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Biochem Biophys Res Commun. 2007 Nov 23;363(3):861-6. Epub 2007 Sep 24.

The orphan GPCR GPR87 was deorphanized and shown to be a lysophosphatidic acid receptor.

Author information

1
Laboratory of Pharmcoinformatics, Department of Bioscience and Bioinformatics, Ritsumeikan University, Kusatsu, Shiga 525-8577, Japan.

Abstract

In CHO cells stably expressing the GPR87 fused with a G16alpha protein, lysophosphatidic acid (LPA) evoked an intracellular Ca(2+) increase in a high affinity manner. The Ca(2+) increase was reversibly blocked by the LPA receptor antagonists and inhibited by pretreatment of the cells with GPR87-specific siRNAs. GPR87 was shown to be closer to the P2Y and P2Y-related receptors than LPA receptors by ClustalW analyses. However, none of nucleotides and their derivatives activated GPR87. The human gpr87 is located on the chromosome 3q25 in a cluster containing p2y12,13,14. RT-PCR analysis showed that the mouse GPR87 was expressed in placenta, ovary, testis, prostate, brain, and skeletal muscle. The 3D model of GPR87-LPA complex indicated that the ligand interacted with R115 and K296 of GPR87, which are well conserved in the P2Y receptors. These results suggest that the GPR87 is a LPA receptor which evolved from a common ancestor of P2Y receptors.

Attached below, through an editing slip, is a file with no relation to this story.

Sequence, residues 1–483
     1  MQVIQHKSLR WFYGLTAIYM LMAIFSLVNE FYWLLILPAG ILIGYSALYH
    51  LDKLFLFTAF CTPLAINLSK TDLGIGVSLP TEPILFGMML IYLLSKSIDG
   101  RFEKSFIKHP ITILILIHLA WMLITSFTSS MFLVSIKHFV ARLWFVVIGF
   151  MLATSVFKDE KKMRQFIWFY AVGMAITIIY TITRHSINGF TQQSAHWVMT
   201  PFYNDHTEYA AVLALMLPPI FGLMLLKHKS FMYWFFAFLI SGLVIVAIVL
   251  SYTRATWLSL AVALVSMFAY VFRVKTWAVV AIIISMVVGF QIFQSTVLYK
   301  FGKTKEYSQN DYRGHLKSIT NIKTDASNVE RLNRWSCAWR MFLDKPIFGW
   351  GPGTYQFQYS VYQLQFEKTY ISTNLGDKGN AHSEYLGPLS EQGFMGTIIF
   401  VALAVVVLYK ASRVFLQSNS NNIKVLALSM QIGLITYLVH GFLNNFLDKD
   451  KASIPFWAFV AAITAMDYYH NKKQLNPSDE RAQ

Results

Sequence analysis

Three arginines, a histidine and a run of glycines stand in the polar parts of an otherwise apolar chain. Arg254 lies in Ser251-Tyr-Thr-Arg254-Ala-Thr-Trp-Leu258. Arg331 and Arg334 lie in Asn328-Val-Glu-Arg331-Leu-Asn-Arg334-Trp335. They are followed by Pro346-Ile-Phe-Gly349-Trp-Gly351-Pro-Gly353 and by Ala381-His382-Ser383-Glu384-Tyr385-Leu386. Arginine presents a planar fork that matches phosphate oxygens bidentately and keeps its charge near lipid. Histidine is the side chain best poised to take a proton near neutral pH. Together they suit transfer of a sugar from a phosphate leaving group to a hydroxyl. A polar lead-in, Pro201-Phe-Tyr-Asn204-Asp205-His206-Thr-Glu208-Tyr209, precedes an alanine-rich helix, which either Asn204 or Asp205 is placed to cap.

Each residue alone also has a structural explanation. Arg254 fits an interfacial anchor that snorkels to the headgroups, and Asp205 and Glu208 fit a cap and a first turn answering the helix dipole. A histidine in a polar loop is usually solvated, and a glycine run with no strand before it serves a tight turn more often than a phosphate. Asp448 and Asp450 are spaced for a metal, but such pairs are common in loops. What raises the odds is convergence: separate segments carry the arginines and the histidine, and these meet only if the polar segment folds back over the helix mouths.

PMID:
17905198
DOI:
10.1016/j.bbrc.2007.09.063
[Indexed for MEDLINE]

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